The Impossible Dead by Ian Rankin
My rating: 4 of 5 stars
This is one of Rankin's Complaints books, not a Rebus mystery (but the next one will be both!!). Fox is very different from Rebus: teatotal, for one, and by necessity by-the-rules (after all, he is The Complaints). Can't wait to see the two interact.
Because this is The Complaints, the mystery starts as something rather boring: did three colleagues in Kirkcaldy cover up Paul Carter's misbehavior? Of course, Fox and his team are unwelcome and find it rough going. But then things start to happen that take him away from the main question... Paul's uncle Alan dies (murder? suicide?), and Alan's been investigating a decades old death of a Scottish Nationalist orator (and possible paymaster to other separatist groups). One of the victims of Paul's misbehavior tries to commit suicide. Is there a connection? Of course there is.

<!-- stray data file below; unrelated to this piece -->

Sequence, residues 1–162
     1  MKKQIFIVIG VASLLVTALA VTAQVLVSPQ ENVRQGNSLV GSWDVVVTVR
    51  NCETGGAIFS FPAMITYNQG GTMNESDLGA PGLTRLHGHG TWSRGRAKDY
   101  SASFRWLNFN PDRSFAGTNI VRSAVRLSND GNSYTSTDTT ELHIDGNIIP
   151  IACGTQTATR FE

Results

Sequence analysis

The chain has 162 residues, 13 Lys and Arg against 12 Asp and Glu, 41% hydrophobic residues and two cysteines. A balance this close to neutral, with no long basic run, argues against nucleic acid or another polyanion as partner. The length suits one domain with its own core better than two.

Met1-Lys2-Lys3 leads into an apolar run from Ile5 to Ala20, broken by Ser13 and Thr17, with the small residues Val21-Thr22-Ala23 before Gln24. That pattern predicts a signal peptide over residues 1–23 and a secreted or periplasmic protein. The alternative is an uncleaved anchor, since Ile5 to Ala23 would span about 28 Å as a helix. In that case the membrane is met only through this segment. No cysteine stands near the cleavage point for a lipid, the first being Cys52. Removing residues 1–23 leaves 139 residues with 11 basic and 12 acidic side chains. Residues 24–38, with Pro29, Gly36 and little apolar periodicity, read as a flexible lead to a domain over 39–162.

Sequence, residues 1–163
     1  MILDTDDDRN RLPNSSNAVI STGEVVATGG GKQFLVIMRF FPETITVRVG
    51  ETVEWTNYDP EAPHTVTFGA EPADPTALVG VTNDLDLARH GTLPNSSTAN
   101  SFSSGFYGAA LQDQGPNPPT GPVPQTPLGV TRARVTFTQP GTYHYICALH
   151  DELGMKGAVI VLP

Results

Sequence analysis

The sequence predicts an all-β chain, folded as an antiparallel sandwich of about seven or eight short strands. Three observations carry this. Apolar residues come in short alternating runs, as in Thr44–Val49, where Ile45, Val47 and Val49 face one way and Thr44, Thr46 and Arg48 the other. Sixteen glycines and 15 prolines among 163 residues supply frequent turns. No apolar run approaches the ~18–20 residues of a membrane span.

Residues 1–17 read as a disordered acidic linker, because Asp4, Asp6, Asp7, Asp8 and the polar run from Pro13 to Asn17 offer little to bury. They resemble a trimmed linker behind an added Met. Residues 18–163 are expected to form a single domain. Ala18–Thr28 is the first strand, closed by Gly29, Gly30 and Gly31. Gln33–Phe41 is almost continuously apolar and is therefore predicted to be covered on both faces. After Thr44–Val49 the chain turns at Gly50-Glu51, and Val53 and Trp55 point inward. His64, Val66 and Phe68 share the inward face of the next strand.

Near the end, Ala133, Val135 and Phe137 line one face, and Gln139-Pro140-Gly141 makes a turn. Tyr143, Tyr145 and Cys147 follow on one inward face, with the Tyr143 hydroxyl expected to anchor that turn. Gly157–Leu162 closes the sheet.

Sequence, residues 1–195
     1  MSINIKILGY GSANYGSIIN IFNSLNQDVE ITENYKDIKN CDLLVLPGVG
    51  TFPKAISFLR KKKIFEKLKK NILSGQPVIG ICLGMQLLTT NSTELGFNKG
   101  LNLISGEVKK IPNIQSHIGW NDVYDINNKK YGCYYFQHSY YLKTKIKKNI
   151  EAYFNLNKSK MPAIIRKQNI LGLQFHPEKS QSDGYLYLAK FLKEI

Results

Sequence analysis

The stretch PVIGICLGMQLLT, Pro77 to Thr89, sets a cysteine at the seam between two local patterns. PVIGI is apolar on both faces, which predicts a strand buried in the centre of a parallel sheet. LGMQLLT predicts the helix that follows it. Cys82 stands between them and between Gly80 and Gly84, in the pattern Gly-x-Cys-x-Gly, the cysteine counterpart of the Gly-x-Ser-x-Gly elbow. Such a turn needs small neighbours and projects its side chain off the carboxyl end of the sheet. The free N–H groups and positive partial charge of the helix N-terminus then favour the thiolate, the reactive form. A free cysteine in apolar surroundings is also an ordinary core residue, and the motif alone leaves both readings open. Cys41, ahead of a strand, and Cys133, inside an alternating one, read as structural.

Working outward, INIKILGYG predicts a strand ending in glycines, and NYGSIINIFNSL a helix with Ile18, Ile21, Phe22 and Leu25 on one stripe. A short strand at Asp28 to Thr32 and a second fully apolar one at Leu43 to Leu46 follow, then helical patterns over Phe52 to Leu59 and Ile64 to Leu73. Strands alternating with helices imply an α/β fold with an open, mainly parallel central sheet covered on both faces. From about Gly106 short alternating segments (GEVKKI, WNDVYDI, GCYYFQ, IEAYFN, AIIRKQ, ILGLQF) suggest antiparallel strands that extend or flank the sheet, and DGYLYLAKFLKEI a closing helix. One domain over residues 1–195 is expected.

Fox's questioning if whether being in The Complaints is really doing police investigation seems to drive his digging into the greater mysteries; it will be interesting to see if future Complaints books show him moving more and more back into "real" policing (or if the Complaints series disappears into a Fox series). Of course, Rankin writes as much about the people and the place as much as about the mystery. Having been to Edinburgh and done some sightseeing outside, when I read his prose I'm taken back there - unlike, for example, when I read an Elizabeth George or Martha Grimes mystery, which don't give quite as good a sense of place.